The Tomb of Ligeia
Roger Corman's final - and arguably most accomplished - Edgar Allan Poe adaptation saw the director expand his pictorial milieu by filming on location in the UK, preferring to shoot several thrilling sequences outdoors, instead of on sound stages.
Vincent Price re-teams with the director in the role of a tormented (what else?!) widower whose embrace of new-found love in the comely form of the Lady Rowena Trevanion (Elizabeth Shepherd) antagonises the unquelled spirit of his dead, deep-in-denial wife (shades of Burton's The Corpse Bride), who promptly rematerialises in the form of a feral feline.
"One of the finest achievements of the literary cinematic horror genre. The gothic enormity of the script by Robert Towne (Chinatown) still disturbs as it positively crawls to a sensuous, shocking end. Arthur Grant, regular director of photography for Hammer, handles the contrast between the bright English sunlight and the highly detailed period sets with ease, giving the film a different tone and feel from its predecessors in the Poe cycle. A true Gothic triumph" 2009 Edinburgh Film Festival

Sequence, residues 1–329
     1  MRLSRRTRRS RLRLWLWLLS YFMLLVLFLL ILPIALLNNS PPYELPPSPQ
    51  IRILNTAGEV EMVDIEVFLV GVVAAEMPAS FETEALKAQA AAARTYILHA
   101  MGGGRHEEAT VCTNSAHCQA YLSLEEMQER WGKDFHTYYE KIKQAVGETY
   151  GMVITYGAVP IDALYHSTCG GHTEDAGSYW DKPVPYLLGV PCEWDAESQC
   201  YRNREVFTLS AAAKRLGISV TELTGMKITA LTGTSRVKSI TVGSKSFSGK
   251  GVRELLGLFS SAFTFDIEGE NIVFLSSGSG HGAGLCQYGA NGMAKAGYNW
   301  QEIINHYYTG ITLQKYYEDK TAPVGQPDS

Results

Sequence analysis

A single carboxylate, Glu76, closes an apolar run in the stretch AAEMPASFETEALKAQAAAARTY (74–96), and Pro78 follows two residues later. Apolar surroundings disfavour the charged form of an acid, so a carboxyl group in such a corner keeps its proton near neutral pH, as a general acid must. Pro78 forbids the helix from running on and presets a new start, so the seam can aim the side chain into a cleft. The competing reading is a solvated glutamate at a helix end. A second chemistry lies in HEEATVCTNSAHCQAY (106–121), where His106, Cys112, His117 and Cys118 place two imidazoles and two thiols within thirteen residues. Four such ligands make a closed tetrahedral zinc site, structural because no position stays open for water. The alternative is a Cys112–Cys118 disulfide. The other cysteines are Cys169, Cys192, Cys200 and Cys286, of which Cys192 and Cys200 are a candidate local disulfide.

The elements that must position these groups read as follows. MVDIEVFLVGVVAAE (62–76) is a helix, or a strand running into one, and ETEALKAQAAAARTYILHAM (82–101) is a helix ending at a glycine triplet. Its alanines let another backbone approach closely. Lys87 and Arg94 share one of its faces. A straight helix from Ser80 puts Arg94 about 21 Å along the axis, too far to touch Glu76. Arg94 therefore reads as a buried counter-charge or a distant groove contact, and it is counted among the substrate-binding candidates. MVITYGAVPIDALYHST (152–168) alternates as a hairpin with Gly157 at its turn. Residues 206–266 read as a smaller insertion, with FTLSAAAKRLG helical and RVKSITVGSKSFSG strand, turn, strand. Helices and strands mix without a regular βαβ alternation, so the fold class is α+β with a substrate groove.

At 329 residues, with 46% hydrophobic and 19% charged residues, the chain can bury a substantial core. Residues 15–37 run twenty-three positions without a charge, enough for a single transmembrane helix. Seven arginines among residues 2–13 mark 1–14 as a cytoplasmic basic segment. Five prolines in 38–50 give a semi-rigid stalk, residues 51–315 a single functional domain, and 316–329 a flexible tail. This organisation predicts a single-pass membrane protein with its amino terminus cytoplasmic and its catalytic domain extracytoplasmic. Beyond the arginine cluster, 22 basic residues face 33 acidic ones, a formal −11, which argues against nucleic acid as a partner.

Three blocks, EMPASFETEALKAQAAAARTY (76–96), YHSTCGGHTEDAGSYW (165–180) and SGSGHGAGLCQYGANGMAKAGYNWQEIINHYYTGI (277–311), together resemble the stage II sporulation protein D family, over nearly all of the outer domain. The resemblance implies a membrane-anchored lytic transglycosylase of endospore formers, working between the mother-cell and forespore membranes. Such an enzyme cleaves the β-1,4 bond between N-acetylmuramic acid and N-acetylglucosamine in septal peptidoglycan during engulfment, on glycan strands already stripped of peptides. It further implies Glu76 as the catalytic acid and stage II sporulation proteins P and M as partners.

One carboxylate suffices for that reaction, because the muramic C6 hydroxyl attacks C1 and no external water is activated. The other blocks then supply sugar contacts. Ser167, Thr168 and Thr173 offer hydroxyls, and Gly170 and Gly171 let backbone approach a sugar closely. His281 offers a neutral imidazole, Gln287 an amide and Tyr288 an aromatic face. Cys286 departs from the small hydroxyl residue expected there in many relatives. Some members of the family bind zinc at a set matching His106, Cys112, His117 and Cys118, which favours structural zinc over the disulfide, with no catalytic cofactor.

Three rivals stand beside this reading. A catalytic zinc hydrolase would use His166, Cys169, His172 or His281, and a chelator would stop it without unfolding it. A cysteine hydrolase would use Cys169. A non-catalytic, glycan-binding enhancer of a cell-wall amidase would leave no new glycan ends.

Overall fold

Screens with Tim Burton's early stop-motion short film Vincent (6 mins, USA, 1982), in which young Vincent - the tormented hero of our story - imagines a transformed suburban world worthy of Edgar Allan Poe. Narrated by Vincent Price.